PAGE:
Drinking excessive amounts of fluids can be a medically unremarkable habit, but it could also signify a rare hormone disorder. A new procedure now enables a fast and reliable diagnosis. Researchers from the University of Basel and University Hospital Basel reported these findings in the New England Journal of Medicine.
Drinking more than three liters per day with the equivalent increase in urination is regarded as too much. This drinking by the liter -- known as "polyuria-polydipsia syndrome"- usually develops over time through habit, or can be a side effect of a mental illness.
Hormone deficiency as a cause
In rare cases, however, it may be caused by diabetes insipidus. This is when the pituitary gland lacks the hormone vasopressin, which regulates the water and salt content in our body. Patients have a decreased ability to concentrate the urine, therefore lose a lot of fluid and have to increase their fluid intake accordingly to prevent dehydration.
The distinction between what is considered a "harmless" primary polydipsia and a diabetes insipidus is crucial, as their therapy is fundamentally different. Diabetes insipidus must be treated with the hormone vasopressin, while patients with primary polydipsia require behavioral therapy to reduce their habitual drinking. A wrong therapy can have life-threatening consequences as treatment with vasopressin without indication can lead to water intoxication.
Blood test instead of water deprivation test
Previously, the differentiation between these two conditions was made using a "water deprivation test" in which the patient was not allowed to drink any liquid for 16 hours after which the doctors would interpret the concentration of the urine. However, this test was often misleading and only led in about half of all cases to a correct diagnosis. Furthermore, a 16-hour water deprivation test is extremely unpleasant and stressful for the patients.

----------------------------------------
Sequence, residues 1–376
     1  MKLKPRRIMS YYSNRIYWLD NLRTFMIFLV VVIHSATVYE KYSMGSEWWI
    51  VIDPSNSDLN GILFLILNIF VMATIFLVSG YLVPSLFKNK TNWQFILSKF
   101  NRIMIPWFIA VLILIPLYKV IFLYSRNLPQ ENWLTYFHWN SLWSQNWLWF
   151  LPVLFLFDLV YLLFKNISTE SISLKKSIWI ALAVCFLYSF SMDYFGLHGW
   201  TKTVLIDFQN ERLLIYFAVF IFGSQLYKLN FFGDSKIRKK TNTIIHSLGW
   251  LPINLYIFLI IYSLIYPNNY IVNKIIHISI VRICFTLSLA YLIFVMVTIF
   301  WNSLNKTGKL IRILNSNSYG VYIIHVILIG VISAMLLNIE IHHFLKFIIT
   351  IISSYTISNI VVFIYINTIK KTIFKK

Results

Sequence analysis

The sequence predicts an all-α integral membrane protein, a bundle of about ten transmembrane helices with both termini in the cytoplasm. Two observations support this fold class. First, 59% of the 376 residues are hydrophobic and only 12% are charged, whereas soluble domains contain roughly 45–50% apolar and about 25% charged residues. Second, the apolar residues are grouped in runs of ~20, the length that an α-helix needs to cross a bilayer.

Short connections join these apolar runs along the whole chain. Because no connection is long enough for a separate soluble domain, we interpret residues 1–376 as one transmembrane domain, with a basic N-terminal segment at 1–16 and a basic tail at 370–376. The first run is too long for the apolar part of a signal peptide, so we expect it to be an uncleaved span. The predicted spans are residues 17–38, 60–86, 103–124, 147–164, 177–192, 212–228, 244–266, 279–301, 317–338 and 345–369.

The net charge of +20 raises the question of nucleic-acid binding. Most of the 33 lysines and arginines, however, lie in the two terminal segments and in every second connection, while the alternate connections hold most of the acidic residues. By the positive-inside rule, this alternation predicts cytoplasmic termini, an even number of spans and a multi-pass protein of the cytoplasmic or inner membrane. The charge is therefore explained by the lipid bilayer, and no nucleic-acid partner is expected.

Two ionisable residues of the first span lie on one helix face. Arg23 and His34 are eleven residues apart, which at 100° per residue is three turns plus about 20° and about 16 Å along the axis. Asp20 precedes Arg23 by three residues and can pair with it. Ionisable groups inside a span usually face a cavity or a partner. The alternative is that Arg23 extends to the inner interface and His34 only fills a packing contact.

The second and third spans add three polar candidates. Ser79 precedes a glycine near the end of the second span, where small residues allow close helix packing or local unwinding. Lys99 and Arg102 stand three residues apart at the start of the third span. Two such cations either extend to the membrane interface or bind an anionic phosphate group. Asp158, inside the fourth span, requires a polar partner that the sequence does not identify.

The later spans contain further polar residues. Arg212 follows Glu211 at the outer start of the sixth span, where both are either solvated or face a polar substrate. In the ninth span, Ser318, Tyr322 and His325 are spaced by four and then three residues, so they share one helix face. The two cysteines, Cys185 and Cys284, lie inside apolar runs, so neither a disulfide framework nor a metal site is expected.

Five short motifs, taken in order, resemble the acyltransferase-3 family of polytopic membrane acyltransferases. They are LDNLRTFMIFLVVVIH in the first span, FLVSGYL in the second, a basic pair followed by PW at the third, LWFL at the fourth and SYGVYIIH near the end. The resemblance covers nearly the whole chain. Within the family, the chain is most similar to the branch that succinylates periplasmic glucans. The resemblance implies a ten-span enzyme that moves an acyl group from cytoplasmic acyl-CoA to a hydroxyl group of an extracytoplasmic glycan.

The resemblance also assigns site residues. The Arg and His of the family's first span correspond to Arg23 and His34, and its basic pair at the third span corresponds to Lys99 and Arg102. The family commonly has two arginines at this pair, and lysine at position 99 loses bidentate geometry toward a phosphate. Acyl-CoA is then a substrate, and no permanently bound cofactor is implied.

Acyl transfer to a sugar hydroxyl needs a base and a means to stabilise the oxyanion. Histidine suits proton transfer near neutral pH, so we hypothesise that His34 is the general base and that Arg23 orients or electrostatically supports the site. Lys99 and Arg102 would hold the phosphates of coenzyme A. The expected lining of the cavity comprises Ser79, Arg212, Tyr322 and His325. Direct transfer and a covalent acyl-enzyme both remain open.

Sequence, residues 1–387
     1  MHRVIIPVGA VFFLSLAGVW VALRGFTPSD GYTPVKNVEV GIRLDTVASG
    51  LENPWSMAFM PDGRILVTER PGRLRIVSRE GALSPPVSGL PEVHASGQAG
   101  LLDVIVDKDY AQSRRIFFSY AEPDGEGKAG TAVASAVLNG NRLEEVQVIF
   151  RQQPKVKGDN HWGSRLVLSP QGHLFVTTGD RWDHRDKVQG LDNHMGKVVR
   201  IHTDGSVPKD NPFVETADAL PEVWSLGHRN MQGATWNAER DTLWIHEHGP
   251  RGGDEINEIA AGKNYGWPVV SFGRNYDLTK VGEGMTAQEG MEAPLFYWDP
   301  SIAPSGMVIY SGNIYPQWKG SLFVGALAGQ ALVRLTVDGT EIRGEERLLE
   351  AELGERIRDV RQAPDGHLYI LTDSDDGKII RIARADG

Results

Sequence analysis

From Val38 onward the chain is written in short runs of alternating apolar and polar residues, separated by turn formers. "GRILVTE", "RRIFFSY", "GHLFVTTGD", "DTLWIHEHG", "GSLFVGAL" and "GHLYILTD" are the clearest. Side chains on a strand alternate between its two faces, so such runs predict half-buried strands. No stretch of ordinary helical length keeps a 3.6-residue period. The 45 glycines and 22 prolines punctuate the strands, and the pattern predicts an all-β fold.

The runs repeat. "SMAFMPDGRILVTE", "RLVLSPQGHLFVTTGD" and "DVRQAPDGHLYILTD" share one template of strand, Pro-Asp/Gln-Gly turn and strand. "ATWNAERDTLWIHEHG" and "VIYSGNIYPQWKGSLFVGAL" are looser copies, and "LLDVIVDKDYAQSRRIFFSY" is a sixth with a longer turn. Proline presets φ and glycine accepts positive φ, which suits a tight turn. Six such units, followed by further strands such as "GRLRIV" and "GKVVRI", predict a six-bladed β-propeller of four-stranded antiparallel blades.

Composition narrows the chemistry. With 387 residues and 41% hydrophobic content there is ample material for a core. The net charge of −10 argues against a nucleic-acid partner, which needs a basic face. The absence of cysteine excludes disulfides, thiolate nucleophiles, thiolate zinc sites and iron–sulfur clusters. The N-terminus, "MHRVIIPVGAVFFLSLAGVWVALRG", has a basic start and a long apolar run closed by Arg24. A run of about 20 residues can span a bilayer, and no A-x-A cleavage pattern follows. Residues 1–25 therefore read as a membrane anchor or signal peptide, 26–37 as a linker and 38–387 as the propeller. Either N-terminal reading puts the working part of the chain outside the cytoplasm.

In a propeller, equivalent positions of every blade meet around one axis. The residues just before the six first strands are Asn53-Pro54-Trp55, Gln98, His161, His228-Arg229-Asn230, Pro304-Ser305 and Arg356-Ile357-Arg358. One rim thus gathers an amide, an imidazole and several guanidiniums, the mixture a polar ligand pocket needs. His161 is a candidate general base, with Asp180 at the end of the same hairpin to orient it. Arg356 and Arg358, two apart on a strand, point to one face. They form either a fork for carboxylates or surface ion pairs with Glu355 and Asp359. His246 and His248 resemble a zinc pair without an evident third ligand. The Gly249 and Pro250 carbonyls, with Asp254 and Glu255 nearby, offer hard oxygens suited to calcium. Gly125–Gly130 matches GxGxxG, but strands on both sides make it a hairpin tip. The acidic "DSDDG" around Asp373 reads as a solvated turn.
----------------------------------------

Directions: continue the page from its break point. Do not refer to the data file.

A study involving around 150 patients in 11 clinics compared the conventional "water deprivation test" with a new diagnostic method. It consists of a 2-hour infusion with a hypertonic saline solution; after that, the concentration of the biomarker copeptin, which reflects the content of the hormone vasopressin in the blood, is measured in the patients' blood.
Improved diagnosis and therapy
This method has a much higher diagnostic accuracy: 97 percent of all patients were correctly diagnosed and treated quickly. The new test is now available for clinical use.
The study by Dr. Julie Refardt from the University Hospital Basel (USB) and Dr. Wiebke Fenske from the University of Leipzig was published in the New England Journal of Medicine. It was developed under the direction of Prof. Dr. Mirjam Christ-Crain, Head of the Department of Clinical Research at the University of Basel and USB.
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